Research shows that the main culprit [in higher ed's "slow extinction"] has been the incremental and imperceptible increase over time of higher education administrators. In other words, the budget that could have been allocated to reducing student-to-teacher ratios by hiring tenure-track faculty members has been consumed by the salaries such bureaucrats command. Other researchers have also concluded that this incremental process has often occurred without much input from the faculty.It's probably too late to push back, and where were the brain-brothers of Professor Johnson when the administrative usurpations were to override faculty hiring committees in the name of Diversity, and the rubrics and all the other impedimenta heaved up by the colleges of education were in the service of Access and Retention? "It came to this, dear reader, when the faculty first acquiesced to administrative usurpations, because the usurpers appeared to be on the side of the angels."
Admittedly, the erosion of faculty governance has a lengthy history that began well before I was born. Administrators have been hired without the faculty even knowing (typically during summers, when we’re technically supposed to be off work), while in other cases, they’ve been appointed despite outright rejection of any faculty input whatsoever. This incremental decline of faculty influence has diminished our ability as faculty members to spend time on priorities of our own making. And the imposition of a business-like model onto nonprofit educational institutions has created the time-consuming need for faculty members to perpetually attend to “performance indicators” and unending “assessment rubrics.”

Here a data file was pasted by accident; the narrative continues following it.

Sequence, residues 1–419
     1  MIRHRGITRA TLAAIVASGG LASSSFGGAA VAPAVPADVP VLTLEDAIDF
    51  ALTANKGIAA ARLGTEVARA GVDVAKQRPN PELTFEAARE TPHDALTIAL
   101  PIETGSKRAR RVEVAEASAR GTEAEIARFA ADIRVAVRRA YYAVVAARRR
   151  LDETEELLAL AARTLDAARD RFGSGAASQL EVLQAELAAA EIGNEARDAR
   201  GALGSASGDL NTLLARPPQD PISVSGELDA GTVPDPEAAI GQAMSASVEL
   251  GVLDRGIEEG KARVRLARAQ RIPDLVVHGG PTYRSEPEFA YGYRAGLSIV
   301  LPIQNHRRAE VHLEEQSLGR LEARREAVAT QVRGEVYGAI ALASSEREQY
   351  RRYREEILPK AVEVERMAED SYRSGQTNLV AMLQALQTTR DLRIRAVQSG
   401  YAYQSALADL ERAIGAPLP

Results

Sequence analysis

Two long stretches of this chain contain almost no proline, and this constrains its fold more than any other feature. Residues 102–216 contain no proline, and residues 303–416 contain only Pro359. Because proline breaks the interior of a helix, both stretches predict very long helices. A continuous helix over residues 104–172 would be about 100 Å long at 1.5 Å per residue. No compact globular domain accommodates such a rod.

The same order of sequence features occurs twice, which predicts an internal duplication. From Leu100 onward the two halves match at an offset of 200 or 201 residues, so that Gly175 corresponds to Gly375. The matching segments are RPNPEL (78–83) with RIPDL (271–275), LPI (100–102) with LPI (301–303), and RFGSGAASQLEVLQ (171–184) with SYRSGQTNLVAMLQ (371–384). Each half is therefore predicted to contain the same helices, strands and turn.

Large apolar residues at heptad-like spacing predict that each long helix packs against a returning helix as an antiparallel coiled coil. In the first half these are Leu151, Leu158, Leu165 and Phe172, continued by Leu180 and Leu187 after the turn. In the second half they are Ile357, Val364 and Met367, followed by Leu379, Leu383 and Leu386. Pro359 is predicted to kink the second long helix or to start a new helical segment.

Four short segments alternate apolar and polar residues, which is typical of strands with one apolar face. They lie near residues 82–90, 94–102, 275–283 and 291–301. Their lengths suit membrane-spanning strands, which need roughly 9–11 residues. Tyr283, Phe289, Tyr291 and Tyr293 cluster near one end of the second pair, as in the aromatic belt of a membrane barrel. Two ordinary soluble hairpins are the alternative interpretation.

Such “accountability measures” demonstrate a fetishistic need to quantify everything in keeping with a capitalist model of profitability that reduces people and their work to numerical values represented by credit hours, FTEs, K-factors and WTUs relative to cost-benefit analyses. That has resulted in the systematic undermining of our collective power as faculty members who know best not only what to teach but also how to teach it, in what numbers it can be taught and under what conditions to do so.
Unfortunately, the growing managerial class is often represented by administrative positions that focus on cost-effectiveness and vague and changing metrics of student learning. One predictable consequence of the imposition of this kind of neoliberal ideology is the decline in the arts and other creative disciplines. Faculty teaching small classes or one on one, as is commonly the case in art or music or other teaching-intensive disciplines, is a best practice that should be encouraged and supported. But when faculty are forced to teach increasingly larger class sizes, despite research that says such actions produce poor student performance, it shouldn’t be surprising that declining morale among the faculty becomes an issue. Though that may well not be a concern for administrative officials pathologically dedicated to cost-effectiveness, it should matter to faculty members, who have a professional obligation to uphold the principles with which all academicians should be preoccupied: the education of future members of society.
Another unfortunate, but entirely avoidable, by-product of the rise of managerialism and neoliberal policies is the recharacterization of the student (or sometimes parent) as a consumer, ripe with an unearned sense of entitlement to an education that should be delivered to them as quickly and cheaply as possible -- complete with the righteous need to justify why our intellectual demands upon their time shouldn’t be equivalent to reading Wikipedia.
That's the bed the woke scholars of today will have to lie in. Sorry, not sorry.